Croydon Universtiy Hospital, London, United Kingdom
Climate change is the major health concern of the twenty-first century and paradoxically, healthcare is one of the leading contributors to global warming. This study intends to investigate how urology can reduce its carbon footprint.
A review of the literature highlighted how energy consumption through air conditioning in particular, medical waste and anaesthetic gases are the main causes of emission from theatre.
Retrospective analysis of the number of general anaesthetics (GA) and anaesthetic gases used for all urological procedures over one month took place using electronic records. A questionnaire was provided to 30 theatre staff assessing their insight into the carbon footprint of the department. It investigated waste management and engagement with the climate crisis issue. Thirty-nine operations were done under GA, with sevoflurane used in 77% of cases and desflurane used in 18%. Education and appropriate recycling facilities were identified as key areas within waste management that need addressing.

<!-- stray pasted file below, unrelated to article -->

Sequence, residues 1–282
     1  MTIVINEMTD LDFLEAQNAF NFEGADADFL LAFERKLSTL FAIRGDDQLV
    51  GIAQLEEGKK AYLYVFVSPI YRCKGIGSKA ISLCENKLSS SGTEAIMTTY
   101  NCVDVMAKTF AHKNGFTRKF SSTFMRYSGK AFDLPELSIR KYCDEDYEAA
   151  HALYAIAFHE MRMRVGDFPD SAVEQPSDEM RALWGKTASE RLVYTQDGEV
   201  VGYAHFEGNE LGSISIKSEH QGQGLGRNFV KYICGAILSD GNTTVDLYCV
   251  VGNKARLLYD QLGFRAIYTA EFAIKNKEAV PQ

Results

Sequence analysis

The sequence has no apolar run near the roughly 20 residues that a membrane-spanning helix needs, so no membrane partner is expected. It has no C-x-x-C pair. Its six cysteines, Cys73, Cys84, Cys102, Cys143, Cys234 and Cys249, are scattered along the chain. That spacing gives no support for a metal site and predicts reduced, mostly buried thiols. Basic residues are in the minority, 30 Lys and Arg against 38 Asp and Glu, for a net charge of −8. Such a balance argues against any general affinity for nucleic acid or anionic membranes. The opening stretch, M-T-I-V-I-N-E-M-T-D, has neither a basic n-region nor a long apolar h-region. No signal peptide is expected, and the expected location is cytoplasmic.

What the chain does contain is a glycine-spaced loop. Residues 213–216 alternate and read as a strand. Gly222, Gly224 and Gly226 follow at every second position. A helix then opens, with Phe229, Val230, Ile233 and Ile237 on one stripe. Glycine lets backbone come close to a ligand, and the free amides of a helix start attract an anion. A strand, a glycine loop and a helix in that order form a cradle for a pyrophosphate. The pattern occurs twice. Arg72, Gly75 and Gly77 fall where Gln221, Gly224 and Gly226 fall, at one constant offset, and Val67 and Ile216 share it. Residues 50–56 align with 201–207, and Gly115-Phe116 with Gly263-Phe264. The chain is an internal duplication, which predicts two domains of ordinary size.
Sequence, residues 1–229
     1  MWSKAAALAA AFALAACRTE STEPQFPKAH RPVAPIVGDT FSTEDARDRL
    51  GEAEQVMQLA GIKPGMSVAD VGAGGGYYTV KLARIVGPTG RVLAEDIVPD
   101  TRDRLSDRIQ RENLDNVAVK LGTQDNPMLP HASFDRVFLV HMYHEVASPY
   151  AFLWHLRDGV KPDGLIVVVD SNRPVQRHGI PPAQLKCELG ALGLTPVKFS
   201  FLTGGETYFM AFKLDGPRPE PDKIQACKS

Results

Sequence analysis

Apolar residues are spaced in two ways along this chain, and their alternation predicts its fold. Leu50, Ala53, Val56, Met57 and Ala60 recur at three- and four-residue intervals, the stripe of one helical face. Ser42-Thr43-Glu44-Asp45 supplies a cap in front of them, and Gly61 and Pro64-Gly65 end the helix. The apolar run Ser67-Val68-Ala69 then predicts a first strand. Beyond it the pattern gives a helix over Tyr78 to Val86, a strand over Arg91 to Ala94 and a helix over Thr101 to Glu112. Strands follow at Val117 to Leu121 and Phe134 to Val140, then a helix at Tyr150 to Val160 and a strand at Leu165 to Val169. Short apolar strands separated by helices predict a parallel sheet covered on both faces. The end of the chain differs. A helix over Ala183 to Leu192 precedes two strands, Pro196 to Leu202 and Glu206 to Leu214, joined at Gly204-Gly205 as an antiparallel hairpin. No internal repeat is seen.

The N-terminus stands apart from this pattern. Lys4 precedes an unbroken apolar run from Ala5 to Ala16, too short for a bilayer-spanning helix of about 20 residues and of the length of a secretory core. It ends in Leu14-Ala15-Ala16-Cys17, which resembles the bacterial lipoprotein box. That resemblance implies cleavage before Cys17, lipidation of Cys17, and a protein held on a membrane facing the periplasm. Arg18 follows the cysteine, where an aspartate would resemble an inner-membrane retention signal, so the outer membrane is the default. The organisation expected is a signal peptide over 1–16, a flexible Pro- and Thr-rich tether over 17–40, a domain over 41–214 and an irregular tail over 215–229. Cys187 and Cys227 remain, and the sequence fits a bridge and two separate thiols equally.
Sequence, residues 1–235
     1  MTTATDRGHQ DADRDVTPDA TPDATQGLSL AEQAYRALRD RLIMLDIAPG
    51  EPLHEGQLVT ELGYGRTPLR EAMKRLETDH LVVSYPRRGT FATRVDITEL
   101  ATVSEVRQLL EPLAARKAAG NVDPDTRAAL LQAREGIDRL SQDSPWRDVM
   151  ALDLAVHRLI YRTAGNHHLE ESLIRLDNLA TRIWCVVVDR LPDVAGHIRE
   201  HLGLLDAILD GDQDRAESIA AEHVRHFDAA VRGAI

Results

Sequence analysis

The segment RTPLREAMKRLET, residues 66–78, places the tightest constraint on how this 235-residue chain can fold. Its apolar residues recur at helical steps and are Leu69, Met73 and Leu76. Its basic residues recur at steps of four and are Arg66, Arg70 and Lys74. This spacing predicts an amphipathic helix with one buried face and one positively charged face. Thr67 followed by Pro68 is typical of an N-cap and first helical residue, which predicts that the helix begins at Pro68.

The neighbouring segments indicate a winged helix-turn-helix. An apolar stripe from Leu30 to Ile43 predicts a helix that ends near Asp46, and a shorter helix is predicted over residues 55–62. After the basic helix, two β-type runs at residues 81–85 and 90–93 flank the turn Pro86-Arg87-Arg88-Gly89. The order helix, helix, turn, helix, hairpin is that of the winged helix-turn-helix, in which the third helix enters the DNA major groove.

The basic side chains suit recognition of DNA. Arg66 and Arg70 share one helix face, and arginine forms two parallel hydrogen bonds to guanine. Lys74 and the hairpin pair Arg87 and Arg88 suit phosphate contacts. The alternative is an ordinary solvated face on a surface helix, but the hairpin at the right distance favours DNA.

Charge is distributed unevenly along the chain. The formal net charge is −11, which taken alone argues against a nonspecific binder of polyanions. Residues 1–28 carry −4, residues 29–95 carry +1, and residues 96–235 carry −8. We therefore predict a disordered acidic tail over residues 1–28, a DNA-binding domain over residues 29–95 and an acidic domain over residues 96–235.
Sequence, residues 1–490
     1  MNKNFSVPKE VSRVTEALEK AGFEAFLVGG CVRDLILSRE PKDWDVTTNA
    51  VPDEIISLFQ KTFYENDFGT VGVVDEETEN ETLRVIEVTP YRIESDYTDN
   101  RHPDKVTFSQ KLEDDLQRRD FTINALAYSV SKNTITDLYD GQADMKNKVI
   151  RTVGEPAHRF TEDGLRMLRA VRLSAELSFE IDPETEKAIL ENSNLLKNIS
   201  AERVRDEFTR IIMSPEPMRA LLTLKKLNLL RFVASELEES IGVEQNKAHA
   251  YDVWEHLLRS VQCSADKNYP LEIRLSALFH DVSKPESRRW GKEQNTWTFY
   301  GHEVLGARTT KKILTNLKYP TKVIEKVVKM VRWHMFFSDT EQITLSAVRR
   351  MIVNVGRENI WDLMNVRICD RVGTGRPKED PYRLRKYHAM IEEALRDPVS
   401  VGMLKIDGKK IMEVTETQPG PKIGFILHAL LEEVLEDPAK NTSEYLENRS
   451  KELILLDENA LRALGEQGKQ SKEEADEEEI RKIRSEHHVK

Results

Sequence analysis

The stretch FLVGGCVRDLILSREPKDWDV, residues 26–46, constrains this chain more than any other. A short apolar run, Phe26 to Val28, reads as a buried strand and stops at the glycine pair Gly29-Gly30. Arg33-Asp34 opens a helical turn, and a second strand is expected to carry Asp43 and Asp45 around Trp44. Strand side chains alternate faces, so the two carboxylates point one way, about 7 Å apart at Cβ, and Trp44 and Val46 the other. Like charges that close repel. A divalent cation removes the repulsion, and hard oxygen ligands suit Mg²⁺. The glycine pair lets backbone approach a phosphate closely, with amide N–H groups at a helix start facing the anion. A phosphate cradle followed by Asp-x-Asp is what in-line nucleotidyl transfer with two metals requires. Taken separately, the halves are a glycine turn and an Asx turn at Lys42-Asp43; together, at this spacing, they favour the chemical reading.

This study identifies simple measures that can be introduced to greatly reduce the carbon footprint of urological operations. Energy consumption can be reduced with efficient theatre management and air conditioning awareness, whilst implementation of a well-structured educational programme and readily available recycling bins would address high levels of waste.